“Deere is demonstrating a continuing ability to produce impressive results through all phases of the business cycle,” Allen said. “This resilience illustrates our success driving improved operating efficiencies and developing a wider range of revenue sources. It also shows the impact of the company’s consistent investments in advanced technology, new products and additional markets. These actions are leading to strong performance in 2017, and they reinforce our conviction that Deere is well-positioned to deliver significant value to customers and investors over the long term.”
Equipment Division Performance
Agriculture & Turf. Sales increased 1 percent for the quarter and first six months primarily due to price realization. Year-to-date results were also affected by lower shipment volumes.
Operating profit was $1.003 billion for the quarter and $1.215 billion year to date, compared with respective totals of $614 million and $759 million last year. Results for the quarter benefited from a more favorable sales mix, price realization and the favorable effects of foreign exchange. For the first six months, results were helped by price realization and a more-favorable sales mix, partially offset by voluntary employee-separation expenses. The gain on the sale of a partial interest in SiteOne made a significant contribution to the division’s results for both periods.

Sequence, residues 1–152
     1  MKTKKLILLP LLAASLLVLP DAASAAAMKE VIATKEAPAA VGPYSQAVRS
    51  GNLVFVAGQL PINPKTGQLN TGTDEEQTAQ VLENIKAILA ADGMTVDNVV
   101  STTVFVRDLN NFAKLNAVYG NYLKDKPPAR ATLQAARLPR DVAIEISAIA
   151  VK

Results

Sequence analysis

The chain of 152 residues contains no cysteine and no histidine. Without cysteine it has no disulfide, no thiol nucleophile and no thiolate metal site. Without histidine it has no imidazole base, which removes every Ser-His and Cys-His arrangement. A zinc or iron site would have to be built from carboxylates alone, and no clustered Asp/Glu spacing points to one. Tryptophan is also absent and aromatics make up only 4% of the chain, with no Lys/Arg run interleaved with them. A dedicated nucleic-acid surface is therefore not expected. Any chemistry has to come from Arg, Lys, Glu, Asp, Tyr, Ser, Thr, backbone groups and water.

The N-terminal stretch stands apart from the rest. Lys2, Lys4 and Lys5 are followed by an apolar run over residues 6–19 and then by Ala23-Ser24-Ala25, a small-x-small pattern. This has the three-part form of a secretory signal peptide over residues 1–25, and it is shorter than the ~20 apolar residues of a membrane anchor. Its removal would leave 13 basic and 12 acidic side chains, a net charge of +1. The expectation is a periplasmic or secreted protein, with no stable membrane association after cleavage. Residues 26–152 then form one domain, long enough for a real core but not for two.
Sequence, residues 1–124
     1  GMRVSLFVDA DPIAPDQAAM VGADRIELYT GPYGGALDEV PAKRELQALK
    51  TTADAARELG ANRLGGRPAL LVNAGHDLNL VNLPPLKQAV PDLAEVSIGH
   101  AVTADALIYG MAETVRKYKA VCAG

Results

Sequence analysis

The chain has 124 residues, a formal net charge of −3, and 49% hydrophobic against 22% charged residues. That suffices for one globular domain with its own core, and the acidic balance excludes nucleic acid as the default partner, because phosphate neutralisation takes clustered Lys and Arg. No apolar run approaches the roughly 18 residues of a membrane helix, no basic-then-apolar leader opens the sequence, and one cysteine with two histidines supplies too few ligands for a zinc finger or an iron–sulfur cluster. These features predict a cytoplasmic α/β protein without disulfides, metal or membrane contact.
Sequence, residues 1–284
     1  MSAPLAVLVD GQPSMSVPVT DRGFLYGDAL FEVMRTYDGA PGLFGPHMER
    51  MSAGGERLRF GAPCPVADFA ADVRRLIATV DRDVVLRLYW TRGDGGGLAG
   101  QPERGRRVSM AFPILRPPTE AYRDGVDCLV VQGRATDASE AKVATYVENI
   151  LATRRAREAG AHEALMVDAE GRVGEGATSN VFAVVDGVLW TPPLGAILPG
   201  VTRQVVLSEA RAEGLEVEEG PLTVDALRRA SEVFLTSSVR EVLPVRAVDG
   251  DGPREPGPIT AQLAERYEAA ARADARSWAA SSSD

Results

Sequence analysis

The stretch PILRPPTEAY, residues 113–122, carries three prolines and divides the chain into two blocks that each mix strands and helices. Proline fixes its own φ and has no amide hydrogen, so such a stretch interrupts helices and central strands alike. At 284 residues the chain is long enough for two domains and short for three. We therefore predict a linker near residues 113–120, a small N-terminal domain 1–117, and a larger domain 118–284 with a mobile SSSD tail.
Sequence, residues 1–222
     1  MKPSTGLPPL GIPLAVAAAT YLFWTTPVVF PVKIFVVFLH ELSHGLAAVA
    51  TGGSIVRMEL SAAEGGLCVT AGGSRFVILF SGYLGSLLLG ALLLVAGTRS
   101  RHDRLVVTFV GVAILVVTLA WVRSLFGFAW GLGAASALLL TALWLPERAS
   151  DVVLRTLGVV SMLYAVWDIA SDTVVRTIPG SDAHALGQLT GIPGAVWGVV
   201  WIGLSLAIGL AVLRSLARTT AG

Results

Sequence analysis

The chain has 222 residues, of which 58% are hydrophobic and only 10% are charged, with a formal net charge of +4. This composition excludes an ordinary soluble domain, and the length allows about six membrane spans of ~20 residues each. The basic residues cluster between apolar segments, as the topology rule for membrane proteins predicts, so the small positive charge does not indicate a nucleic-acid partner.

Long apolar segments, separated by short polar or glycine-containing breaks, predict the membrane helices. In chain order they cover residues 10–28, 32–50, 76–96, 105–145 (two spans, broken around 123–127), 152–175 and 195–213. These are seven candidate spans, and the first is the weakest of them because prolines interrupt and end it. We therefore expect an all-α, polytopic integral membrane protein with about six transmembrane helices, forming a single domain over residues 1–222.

Construction & Forestry. Construction and forestry sales increased 7 percent for the quarter and 1 percent for six months, mainly as a result of higher shipment volumes and price realization, partially offset by higher warranty costs.
Operating profit was $108 million for the quarter and $143 million for six months, compared with $74 million and $143 million last year. Results for the quarter were assisted by increased shipment volumes and price realization, partially offset by higher warranty costs and a less-favorable sales mix. For the first six months, results were about the same as in the prior period and were affected by the same operating factors as for the quarter, as well as by voluntary employee-separation expenses.
Market Conditions & Outlook